ORS 107.100 (1) directs:

    "Whenever a marriage is declared void or dissolved, the court has power further to decree as follows:
    "(a) For the future care and custody of the minor children of the marriage as it may deem just and proper. In determining custody the court shall consider the best interests of the child and the past conduct and demonstrated moral standards of each of the parties. No preference in custody shall be given to the mother over the father for the sole reason that she is the mother."

    It is evident that the trial judge did not believe that the boy should be brought into further contact with Finklea. The latter, at the plaintiff's request, had taken the boy to school repeatedly, had helped him with his school work and had been his companion when the boy returned from school. In fact, he had almost become a member of the family group. In *629 recent months he had virtually displaced the defendant. In view of Finklea's criminal record and his destruction of the marriage bonds between the plaintiff and the defendant, the trial judge was undoubtedly right in demanding that no further association should occur between the boy and Finklea. It will be recalled that even after the plaintiff's mother demanded that Finklea leave her property he held her daughter in such singular fascination that she tenderly packed his belongings for him.

    The defendant has arranged for himself and Michael to live in the home of his brother and sister-in-law. Those relatives have a boy the same age as Michael. The defendant's sister-in-law is a registered nurse who has displayed an interest in the school attended by her son and in boys' organizations. As a witness she testified that she was willing to assume the responsibility implied in providing a home for her nephew and her brother-in-law.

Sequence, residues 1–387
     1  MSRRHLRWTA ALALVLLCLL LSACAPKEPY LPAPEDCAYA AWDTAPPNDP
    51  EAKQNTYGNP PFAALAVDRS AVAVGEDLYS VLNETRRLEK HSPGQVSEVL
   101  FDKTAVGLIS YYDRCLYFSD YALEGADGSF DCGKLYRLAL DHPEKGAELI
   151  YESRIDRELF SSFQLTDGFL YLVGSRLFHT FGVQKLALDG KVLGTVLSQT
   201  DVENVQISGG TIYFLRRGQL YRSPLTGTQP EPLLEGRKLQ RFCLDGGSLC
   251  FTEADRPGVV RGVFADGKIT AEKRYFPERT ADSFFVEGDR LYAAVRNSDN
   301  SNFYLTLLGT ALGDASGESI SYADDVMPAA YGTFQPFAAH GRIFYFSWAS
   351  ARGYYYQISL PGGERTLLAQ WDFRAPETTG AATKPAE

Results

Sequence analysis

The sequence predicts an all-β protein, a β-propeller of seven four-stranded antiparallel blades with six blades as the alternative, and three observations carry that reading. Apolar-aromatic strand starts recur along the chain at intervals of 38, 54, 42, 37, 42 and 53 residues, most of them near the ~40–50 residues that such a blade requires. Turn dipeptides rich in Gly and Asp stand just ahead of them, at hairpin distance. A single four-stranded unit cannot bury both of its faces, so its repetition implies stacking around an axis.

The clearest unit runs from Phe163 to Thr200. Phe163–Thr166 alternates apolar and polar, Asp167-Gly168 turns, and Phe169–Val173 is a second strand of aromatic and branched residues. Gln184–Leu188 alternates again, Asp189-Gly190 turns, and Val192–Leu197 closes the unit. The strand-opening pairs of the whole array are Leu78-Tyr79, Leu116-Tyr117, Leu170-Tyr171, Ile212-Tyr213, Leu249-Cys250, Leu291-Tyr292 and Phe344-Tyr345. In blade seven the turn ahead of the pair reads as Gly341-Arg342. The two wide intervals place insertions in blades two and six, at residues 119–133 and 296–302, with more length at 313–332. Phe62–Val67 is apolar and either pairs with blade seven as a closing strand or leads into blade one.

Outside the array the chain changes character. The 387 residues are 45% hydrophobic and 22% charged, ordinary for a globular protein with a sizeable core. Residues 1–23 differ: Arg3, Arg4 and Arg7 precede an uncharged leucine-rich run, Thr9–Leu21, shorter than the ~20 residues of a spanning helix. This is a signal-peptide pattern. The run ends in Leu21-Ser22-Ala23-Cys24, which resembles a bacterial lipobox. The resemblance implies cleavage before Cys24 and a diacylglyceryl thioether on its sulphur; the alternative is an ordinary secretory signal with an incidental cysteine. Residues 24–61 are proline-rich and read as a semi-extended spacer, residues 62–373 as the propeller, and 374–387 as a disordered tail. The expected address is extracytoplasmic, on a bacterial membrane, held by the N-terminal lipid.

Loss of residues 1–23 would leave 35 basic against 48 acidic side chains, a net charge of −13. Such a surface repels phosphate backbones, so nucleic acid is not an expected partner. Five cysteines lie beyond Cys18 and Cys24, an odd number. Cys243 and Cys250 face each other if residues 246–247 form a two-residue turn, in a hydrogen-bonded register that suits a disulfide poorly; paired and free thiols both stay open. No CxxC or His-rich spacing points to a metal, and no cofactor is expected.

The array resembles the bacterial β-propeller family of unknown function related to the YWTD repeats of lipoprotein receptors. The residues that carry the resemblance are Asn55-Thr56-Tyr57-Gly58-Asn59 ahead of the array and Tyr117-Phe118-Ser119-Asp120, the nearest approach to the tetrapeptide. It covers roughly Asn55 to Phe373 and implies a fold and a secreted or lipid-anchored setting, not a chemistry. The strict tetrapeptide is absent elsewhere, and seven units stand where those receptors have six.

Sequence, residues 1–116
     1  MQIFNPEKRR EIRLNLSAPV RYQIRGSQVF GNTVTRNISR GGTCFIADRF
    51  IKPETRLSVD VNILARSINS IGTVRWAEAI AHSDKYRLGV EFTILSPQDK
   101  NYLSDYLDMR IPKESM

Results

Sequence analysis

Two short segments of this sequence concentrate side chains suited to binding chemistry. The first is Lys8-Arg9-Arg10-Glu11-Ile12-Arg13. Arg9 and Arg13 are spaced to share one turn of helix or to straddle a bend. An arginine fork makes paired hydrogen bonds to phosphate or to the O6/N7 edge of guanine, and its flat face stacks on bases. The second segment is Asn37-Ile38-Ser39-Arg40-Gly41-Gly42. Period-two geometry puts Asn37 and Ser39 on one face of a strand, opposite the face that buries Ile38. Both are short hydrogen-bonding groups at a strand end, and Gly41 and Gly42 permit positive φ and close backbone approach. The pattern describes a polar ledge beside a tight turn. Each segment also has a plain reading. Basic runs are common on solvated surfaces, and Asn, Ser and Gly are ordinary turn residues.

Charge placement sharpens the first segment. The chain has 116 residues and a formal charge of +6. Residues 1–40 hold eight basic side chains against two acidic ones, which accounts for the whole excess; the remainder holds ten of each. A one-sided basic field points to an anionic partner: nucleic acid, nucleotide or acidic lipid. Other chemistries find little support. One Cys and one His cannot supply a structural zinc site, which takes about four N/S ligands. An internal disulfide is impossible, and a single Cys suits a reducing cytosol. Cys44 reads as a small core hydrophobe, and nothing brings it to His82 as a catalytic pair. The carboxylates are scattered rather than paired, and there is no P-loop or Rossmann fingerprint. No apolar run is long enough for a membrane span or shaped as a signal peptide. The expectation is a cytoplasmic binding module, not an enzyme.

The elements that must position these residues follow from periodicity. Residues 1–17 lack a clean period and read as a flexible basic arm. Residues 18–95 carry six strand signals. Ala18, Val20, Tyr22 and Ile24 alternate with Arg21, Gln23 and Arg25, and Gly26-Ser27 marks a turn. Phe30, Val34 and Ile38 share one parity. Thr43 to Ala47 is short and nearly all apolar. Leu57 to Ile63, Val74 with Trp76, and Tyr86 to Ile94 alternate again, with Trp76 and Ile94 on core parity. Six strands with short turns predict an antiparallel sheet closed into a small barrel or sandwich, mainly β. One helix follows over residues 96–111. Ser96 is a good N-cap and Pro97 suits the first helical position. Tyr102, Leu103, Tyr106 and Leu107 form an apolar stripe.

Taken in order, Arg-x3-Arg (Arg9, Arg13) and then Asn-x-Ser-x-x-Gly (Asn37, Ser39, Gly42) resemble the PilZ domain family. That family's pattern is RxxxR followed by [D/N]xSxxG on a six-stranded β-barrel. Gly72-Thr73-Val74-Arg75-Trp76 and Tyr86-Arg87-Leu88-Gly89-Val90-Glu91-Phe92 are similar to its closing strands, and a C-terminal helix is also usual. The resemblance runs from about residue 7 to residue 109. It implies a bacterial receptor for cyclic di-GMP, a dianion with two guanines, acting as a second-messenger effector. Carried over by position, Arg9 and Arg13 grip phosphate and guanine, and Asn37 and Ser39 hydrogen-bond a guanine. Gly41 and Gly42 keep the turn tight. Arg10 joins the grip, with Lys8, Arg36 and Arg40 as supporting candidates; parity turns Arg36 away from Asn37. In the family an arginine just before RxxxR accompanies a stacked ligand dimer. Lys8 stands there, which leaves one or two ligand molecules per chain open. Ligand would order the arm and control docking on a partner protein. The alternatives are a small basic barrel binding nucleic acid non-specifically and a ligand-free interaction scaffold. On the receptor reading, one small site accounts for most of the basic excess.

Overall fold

1. It is impossible to provide a satisfactory substitute for a disrupted home which at one time brought happiness to a child. In all likelihood, the new home for this little boy will not be the equal of that which he had in the past, but neighbors and friends who had known the defendant for many years spoke well of him as a father. Without analyzing the testimony further, we acquiesce in the decision reached by the trial judge and affirm the part of the decree which awarded the custody of the boy to the defendant. Some men who have passed through a bitter episode similar to that from which the defendant is emerging have faced their new responsibilities with increased earnestness. We assume that the defendant will do so.